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What it means to be a journalist in Kashmir

Last updated on: June 16, 2018 12:13 IST

Journalists working in the Kashmir valley sometimes face the worst attacks from protesters, mourners and many a time from the security forces, says Photographer Umar Ganie.

It has always been difficult for journalists to work in the field in Jammu and Kashmir.

Sometimes we receive threats from different corners. Even our families are not spared.

When we report something or click something, we have to keep in mind that we are from a land where anything is possible.

As journalists, we constantly face tough situations.

How tough exactly was once again manifested in strong>Shujaat Bukhari's chilling murder on Thursday evening.

Mr Bukhari -- editor-in-chief of the Rising Kashmir, an English daily newspaper which he launched in 2008 -- was killed outside his office in the Press Enclave in the heart of Srinagar shortly before iftar.

 

Mr Bukhari was an active presence on social media, especially active on Twitter where he often jousted with other Twitterati over issues that concerned his beloved Kashmir and human rights violations.

He was always very humble and had a caring attitude towards everyone, including young journalists.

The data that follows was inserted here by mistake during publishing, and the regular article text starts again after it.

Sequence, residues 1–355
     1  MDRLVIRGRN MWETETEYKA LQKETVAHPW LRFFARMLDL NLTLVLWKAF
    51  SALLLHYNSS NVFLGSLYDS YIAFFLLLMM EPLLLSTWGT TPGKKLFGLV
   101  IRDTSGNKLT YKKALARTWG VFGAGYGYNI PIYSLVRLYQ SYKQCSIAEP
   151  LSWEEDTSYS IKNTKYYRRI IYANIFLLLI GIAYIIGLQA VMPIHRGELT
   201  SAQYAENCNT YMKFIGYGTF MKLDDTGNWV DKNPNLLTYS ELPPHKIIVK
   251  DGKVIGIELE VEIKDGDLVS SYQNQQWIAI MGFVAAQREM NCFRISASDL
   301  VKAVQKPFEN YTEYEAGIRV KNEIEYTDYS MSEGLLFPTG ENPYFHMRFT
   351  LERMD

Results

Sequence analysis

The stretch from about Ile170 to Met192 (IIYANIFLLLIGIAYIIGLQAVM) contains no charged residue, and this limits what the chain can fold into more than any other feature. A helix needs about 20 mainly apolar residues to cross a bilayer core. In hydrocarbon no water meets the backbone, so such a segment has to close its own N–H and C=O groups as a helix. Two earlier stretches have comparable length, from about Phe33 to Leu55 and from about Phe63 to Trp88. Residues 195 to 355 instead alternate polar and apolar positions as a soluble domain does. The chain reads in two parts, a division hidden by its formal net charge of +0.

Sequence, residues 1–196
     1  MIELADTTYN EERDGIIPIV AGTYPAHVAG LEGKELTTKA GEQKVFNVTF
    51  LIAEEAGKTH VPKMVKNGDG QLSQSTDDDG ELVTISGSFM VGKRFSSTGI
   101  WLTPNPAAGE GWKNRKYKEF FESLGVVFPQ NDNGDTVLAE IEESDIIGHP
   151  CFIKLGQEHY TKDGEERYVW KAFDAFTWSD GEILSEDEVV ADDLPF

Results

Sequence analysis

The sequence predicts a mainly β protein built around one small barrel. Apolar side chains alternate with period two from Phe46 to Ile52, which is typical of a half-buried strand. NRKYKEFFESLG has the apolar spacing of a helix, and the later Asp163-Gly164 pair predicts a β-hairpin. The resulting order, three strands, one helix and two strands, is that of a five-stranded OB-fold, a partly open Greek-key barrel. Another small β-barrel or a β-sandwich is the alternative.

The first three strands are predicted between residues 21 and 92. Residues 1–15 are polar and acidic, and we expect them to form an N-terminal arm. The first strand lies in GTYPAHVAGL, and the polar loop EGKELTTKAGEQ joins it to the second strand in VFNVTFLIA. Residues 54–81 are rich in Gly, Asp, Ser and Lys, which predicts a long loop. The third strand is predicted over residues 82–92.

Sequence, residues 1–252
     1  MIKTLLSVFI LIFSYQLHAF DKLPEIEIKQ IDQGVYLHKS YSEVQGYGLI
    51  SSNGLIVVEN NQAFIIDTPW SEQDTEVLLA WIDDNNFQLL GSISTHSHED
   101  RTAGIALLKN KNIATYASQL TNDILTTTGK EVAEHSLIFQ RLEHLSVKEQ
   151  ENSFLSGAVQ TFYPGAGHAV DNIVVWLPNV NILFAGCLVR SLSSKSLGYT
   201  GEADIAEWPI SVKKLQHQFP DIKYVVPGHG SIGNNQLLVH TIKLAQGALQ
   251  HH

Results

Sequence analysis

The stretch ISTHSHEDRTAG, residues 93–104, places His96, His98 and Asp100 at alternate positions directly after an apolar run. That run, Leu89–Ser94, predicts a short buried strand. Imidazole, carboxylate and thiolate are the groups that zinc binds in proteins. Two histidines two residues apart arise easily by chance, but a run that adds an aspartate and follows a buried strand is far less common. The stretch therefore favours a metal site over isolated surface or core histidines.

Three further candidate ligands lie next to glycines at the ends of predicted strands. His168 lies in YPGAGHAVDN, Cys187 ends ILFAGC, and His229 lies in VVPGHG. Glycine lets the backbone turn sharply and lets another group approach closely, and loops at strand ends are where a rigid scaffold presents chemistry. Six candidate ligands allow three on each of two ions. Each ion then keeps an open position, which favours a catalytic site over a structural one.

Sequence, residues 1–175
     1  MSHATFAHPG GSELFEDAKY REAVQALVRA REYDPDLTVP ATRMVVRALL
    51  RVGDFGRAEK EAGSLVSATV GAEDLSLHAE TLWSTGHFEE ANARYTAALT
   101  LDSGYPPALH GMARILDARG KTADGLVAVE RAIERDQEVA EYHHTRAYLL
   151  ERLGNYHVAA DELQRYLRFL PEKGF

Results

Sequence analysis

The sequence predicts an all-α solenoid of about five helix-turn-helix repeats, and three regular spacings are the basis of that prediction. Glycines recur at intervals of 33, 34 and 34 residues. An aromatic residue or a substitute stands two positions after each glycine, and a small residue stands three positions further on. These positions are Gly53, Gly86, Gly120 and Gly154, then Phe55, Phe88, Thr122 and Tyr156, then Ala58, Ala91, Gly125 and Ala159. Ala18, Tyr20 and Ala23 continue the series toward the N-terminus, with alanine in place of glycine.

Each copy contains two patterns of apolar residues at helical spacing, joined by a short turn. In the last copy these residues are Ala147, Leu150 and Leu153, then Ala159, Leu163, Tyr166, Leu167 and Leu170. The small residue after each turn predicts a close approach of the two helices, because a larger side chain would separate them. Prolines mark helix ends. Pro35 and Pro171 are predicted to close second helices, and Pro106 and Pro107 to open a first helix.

I remember when terrorists stormed the Border Security Force headquarters near Srinagar airport, which was adjacent to his residence, he brought meals for almost a hundred journalists who were covering the attack.

His murder is a terrible reminder of how the media works in extremely difficult situations in the Kashmir valley.

Journalists in Kashmir are prone to assaults from all sides, and the brazen attack on Mr Bukhari inside the Press Enclave highlights the risks under which all of us work.

The entire journalistic fraternity sometimes faces the worst attacks from protesters, mourners and many a time from the security forces as well.

Several journalists in Kashmir have have been killed over the years: Mushtaq Ali, Shabaan Wakeel, Altaf Ahmed Faktoo, Parvaiz Sultan, Ghulam Rasool Sheikh, Asiya Jeelani.

I remember when I was covering then agriculture minister Ghulam Hassan Mir's election rally at Tangmarg in 2004, terrorists lobbed a grenade.

The minister, my other colleagues and I lay down to escape the attack. When I looked around, I saw injured people crying for help.

But as Mir's personal security officer had started firing indiscriminately, no one could help the wounded for about 15 minutes.

After the firing subsided, along with my colleagues, I rushed injured individuals to hospital. Two people were killed in that attack.

During the funerals of local militants, it is very difficult for us to manage our presence amid the participation of thousands of people.

Once we reach the funeral spot, we hesitate to take out our cameras for fear of being spotted. Many times journalists covering the funerals have been beaten up.

At the funerals of policemen or soldiers, we face the wrath of the local people and have to keep in mind that militants may be lurking around.

Umar Ganie